Fuocoammare (Fire at Sea)
The inflow of migrants crossing the Mediterranean and arriving in precarious, overcrowded boats on the Sicilian island of Lampedusa has been constant over the past few years. As the number of casualties soar and no action is taken to tackle the crisis, news reports cannot convey the severity of the situation or the psychological impact for those involved. Director Gianfranco Rosi brings awareness to the issue with a film-documentary that does not explicitly denounce political apathy, but rather seeks to transmit emotions and does so with great effect.
Fuocoammare begins by depicting the quiet life of the islanders. There are boys playing in the silent woods, fishermen patiently waiting, women sewing. The tragedy is not placed at the centre of the movie, and that makes it all the more powerful. The film is a collection of seemingly unrelated clips, a series of random snippets of daily life that gradually, thanks to the commendable editing, register by osmosis as a rich, multilayered portrait of the island’s complex social reality. There is no commentary or explanation of the context, but rather a zooming in on the details, which then form a powerful picture as they build up and grip the viewer.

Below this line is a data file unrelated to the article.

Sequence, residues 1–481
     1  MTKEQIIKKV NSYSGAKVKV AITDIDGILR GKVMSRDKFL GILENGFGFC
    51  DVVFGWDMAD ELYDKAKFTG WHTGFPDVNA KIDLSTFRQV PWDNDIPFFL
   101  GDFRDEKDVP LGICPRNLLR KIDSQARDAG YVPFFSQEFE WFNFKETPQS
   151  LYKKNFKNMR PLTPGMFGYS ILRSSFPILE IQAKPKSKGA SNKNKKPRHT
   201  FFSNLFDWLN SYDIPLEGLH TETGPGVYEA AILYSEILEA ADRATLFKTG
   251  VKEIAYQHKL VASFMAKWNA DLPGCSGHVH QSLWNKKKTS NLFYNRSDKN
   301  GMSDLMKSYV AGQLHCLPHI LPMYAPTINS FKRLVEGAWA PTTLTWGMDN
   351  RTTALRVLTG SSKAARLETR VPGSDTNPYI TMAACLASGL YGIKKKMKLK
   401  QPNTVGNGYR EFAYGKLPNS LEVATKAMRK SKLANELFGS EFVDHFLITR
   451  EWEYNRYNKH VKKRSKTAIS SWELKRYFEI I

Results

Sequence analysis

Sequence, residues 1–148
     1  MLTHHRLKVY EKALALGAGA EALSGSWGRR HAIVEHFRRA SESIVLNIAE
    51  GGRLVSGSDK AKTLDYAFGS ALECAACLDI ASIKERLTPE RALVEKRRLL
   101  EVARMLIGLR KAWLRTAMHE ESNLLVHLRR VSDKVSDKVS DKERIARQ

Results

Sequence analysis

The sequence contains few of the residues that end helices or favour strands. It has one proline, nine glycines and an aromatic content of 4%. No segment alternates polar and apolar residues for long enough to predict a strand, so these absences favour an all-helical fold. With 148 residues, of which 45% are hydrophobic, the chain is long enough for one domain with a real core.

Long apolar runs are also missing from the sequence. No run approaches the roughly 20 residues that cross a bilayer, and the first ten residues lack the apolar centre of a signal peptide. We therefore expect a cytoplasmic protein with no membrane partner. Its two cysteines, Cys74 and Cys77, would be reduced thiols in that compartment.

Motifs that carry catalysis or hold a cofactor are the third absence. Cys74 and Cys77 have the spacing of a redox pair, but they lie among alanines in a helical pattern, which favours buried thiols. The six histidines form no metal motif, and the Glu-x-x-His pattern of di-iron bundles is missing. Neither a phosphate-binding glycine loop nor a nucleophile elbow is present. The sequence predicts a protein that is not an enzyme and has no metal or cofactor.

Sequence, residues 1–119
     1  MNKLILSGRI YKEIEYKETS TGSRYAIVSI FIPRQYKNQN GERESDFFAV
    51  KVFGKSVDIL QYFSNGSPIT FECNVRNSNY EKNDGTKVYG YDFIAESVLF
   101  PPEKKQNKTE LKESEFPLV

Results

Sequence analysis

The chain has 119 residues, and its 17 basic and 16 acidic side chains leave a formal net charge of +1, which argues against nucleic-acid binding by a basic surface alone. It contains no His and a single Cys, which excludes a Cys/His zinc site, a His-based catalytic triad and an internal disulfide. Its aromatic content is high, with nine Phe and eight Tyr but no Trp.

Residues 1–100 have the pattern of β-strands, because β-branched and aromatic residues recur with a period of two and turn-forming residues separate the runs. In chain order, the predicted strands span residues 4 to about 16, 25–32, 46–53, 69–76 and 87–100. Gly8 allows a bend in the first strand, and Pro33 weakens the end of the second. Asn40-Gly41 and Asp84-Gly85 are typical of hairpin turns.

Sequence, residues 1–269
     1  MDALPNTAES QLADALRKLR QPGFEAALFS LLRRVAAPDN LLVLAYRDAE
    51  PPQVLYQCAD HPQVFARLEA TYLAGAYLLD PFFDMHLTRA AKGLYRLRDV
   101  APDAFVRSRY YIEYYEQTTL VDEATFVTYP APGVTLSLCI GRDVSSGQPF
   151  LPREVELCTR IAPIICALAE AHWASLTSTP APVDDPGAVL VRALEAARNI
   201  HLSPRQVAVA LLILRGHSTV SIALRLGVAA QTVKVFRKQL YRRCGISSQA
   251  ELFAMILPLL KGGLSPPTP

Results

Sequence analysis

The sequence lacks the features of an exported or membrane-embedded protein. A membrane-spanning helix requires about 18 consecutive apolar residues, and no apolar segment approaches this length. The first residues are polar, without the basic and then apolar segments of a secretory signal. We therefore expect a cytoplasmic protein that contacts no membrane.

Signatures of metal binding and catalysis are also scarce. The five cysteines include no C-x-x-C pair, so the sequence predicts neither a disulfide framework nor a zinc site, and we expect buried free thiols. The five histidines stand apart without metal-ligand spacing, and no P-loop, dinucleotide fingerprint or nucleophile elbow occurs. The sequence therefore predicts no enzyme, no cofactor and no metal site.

The focal point leans towards the locals, and more specifically on young schoolboy Samuele. The camera plunges into the personal spaces of the islanders, from an old lady listening to Sicilian love songs on the radio to the radio show host himself, to the fishermen, the local doctor, and the children. Samuele’s delightful spontaneity brings a light-heartedness to the otherwise sombre atmosphere. However, beneath his confident attitude there are signs of unease, as if a sense of foreboding has seeped into every corner of Lampedusa.
The juxtaposition of the immigrants’ experiences with the slow-motion life of the islanders heightens the impact of the tragedy. There are long shots of stillness that draw one into the melancholic world of the locals. By contrast, the reality of the newly arrived migrants is like a fast flowing river where thousands of strained faces and cries for help haunt those who witness them. The doctor, who has attended to migrants in the most deplorable conditions, cannot hide his emotion as he relates what he has seen.
Silence prevails, setting the mood, and words are spoken to reveal emotions more than they are used to expose facts. Powerful and spellbinding, Fuocoammare is a quiet observation awakening a surge of sympathy that no journalistic account could provoke in the same visceral way.
Fuocoammare (Fire at Sea) is released nationwide on 10th June 2016.
Watch the trailer for Fuocoammare (Fire at Sea) here: